Jean Pierre-Bloch, 93, Resistance Fighter for France

 

By Richard Goldstein,, March 20, 1999

 

Jean Pierre-Bloch, a French Resistance figure, high-ranking member of de Gaulle's Free French movement during World War II and spokesman for human rights causes, died Wednesday, March 17, 1999 at a hospital in Paris. He was 93.

Pierre-Bloch, a Socialist member of the prewar French Parliament, was captured while fighting against the Germans at the outset of World War II. He escaped from a prisoner of war camp in 1940, the year France fell to the Nazis.

In 1941 he and his wife, Gaby, began organizing Resistance activities and helped arrange some of the first parachute drops into France of agents, arms and equipment sent by de Gaulle's headquarters in London.

When Pierre-Bloch and his wife went to Marseilles in October 1941 to distribute money that had been parachuted in for Resistance leaders, the French police arrested them. Mrs. Pierre-Bloch had two lists of names of Resistance figures in the area, but she swallowed one piece of paper and managed to destroy the other.

The Pierre-Blochs were imprisoned on treason charges, but Mrs. Pierre-Bloch was released after three months to care for their three children. Over the next five months, she hid money, keys and saws in parcels of food she took to her husband, and in July 1942 Pierre-Bloch escaped along with five British officers.

He became a key official in de Gaulle's military intelligence operation in London, the unit that dropped agents into France and orchestrated sabotage of German installations.

Pierre-Bloch also served as undersecretary of the interior on the French Committee of National Liberation, the government in exile that de Gaulle set up after transferring his headquarters to Algiers in the summer of 1943.

He served in the committee's consultative assembly, an 84-member body set up in November 1943 as the first French deliberative council since the legislature was dissolved in 1940.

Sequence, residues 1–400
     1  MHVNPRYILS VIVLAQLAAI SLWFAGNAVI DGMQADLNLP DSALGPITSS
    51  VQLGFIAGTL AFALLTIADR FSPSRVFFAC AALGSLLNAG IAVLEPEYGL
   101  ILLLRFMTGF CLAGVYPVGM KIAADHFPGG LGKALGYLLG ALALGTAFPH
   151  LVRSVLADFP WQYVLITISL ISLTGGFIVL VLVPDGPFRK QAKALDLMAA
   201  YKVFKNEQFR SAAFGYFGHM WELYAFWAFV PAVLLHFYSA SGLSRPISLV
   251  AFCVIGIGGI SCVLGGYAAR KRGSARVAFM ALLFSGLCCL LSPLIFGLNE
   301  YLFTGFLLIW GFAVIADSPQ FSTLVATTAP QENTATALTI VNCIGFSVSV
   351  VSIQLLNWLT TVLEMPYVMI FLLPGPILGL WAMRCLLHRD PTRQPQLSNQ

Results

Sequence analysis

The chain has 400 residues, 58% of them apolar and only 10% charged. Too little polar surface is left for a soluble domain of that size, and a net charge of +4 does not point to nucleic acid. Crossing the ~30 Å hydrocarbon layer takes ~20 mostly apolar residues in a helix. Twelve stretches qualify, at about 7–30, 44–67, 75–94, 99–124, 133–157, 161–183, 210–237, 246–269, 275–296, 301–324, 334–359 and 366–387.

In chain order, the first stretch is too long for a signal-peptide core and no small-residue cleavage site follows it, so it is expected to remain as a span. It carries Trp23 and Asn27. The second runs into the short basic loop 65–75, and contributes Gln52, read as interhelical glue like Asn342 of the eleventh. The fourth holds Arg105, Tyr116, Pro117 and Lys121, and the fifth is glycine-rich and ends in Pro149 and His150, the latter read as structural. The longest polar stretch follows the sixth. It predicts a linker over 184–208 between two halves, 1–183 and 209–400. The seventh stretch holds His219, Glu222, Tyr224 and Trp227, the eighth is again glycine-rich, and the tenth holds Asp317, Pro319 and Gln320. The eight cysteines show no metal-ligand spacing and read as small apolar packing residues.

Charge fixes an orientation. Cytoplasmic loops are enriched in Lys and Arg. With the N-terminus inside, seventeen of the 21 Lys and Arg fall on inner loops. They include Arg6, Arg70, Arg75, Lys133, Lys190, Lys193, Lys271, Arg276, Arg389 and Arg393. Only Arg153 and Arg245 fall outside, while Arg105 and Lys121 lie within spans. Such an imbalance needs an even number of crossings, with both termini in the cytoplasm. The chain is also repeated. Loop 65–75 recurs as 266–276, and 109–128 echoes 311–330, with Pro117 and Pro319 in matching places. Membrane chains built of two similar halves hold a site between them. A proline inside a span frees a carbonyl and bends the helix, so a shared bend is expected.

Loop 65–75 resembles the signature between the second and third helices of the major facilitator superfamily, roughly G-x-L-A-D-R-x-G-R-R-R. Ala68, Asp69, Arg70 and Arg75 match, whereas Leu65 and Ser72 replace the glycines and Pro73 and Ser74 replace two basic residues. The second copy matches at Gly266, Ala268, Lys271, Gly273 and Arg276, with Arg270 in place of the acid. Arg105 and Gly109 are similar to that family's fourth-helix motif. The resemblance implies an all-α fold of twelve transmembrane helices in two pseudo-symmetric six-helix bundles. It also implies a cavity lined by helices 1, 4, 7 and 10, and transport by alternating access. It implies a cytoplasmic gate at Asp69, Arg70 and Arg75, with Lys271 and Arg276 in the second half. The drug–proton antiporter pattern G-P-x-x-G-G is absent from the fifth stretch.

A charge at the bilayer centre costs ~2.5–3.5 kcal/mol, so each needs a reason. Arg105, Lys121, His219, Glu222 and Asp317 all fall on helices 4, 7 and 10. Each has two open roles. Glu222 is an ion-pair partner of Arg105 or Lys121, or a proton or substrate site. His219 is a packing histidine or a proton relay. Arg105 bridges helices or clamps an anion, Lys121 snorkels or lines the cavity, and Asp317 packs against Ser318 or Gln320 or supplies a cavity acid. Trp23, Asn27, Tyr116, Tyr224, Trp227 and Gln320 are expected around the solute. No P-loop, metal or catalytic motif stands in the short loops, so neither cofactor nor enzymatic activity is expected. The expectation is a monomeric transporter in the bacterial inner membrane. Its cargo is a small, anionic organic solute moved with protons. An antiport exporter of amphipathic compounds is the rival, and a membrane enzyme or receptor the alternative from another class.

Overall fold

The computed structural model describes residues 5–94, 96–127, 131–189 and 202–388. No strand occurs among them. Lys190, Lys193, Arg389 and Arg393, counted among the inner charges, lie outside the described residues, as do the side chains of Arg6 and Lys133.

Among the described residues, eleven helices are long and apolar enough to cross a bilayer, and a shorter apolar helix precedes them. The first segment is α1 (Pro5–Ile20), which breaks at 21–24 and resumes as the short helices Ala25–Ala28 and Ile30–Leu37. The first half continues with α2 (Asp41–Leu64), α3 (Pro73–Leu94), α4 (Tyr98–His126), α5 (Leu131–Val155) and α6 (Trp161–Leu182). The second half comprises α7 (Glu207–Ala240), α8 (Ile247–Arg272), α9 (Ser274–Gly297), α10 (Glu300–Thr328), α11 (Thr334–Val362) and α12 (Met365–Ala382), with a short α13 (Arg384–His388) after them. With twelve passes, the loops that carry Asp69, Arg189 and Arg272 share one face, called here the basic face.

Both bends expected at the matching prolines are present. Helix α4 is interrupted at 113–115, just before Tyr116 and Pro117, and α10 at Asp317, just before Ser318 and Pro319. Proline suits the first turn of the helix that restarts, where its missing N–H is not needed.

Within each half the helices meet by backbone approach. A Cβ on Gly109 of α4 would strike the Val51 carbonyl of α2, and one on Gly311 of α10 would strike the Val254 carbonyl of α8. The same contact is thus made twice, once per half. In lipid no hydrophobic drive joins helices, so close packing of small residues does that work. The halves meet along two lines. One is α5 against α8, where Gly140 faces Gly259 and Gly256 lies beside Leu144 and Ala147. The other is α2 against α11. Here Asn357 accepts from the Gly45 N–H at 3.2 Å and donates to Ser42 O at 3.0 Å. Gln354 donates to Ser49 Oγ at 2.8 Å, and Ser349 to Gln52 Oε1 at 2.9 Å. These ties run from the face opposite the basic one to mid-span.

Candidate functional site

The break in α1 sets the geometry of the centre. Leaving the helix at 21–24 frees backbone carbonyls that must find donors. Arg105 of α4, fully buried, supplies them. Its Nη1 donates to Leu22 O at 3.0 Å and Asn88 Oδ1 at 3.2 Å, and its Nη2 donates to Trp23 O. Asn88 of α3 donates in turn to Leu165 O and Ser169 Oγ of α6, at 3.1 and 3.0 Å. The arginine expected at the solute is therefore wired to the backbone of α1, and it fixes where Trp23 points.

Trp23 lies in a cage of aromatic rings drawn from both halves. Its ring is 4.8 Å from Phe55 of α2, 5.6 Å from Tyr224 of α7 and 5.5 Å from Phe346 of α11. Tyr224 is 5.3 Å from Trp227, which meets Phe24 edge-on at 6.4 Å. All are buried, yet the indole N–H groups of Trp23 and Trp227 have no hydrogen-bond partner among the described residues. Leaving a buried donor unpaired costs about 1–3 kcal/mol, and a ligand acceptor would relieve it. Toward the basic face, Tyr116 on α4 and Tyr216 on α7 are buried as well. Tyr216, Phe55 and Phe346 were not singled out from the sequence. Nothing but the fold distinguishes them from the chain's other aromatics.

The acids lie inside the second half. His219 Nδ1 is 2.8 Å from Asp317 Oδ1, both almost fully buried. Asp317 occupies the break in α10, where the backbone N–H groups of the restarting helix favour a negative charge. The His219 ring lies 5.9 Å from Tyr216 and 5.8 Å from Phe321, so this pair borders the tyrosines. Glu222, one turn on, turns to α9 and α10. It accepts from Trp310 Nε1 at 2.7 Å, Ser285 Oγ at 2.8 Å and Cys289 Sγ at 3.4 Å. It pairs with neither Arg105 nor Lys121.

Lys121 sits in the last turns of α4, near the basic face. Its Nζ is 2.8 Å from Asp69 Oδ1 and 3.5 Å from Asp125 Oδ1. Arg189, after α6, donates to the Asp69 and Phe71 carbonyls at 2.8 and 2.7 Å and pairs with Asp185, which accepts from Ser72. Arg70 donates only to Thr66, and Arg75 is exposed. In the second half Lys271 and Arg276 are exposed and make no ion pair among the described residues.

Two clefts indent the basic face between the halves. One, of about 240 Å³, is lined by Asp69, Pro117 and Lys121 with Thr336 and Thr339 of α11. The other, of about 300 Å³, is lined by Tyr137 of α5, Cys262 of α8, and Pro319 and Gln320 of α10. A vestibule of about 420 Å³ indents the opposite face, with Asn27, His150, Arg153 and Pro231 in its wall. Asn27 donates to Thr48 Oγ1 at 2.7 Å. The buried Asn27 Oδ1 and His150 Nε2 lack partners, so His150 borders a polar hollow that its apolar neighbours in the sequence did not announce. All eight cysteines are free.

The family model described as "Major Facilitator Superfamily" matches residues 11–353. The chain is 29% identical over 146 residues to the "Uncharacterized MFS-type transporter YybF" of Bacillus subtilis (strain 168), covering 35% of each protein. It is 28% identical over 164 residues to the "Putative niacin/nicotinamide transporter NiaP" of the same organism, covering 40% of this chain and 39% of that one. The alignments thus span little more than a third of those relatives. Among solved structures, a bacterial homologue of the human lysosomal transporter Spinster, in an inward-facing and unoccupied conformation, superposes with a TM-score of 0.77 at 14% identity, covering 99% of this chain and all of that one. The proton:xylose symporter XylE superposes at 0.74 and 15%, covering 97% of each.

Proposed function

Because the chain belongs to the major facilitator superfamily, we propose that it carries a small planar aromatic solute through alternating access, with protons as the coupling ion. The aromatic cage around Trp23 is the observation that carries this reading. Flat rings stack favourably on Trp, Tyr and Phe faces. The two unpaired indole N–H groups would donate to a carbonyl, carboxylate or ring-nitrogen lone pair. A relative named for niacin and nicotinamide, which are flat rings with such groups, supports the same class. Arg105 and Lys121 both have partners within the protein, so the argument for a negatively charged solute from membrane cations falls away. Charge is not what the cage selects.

Mrs. Pierre-Bloch joined her husband in July 1943, having escaped from France after learning that she had been sentenced to a 20-year prison term in absentia for aiding Allied airmen who had been shot down.

Pierre-Bloch was among 24 jurors -- all formerly members of the French Parliament or the Resistance -- who in August 1945 found Marshal Henri Philippe Petain guilty of treason for collaborating with the Germans as the head of the wartime Vichy-based regime.

Although imposing a death sentence on the 89-year-old Petain, the jurors and three judges recommended that it not be carried out because of his age. De Gaulle spared Petain, who died in prison in 1951. Pierre-Bloch was the last surviving member of the Petain jury, according to Agence-France Presse.

Pierre-Bloch, the son of an industrialist, received a law degree from the Sorbonne. He wrote for French newspapers and then, in 1936, at 31, became the youngest member of Parliament in Prime Minister Leon Blum's leftist Popular Front government.

After World War II, Pierre-Bloch became president of the National Press Corp., formed by the French government to liquidate the property of newspapers and advertising agencies that had collaborated with the Germans.

Pierre-Bloch, president of the International League Against Racism and Anti-Semitism from 1968 to 1992 and its honorary president at his death, was known for his writings denouncing racism and oppression of minorities around the world. He was the author of "Charles de Gaulle" (1944); "The Causes of Anti-Semitism in France" (1956), and "London, the Capital of Free France" (1985).

French President Jacques Chirac paid tribute to Pierre-Bloch, a member of the Legion of Honor, citing his "passion for freedom." Prime Minister Lionel Jospin said that Pierre-Bloch's campaigns against racism "incarnated the values of the French Republic."

Pierre-Bloch's wife died in 1996. He is survived by their three children.

 


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© 1999 by Neil Mishalov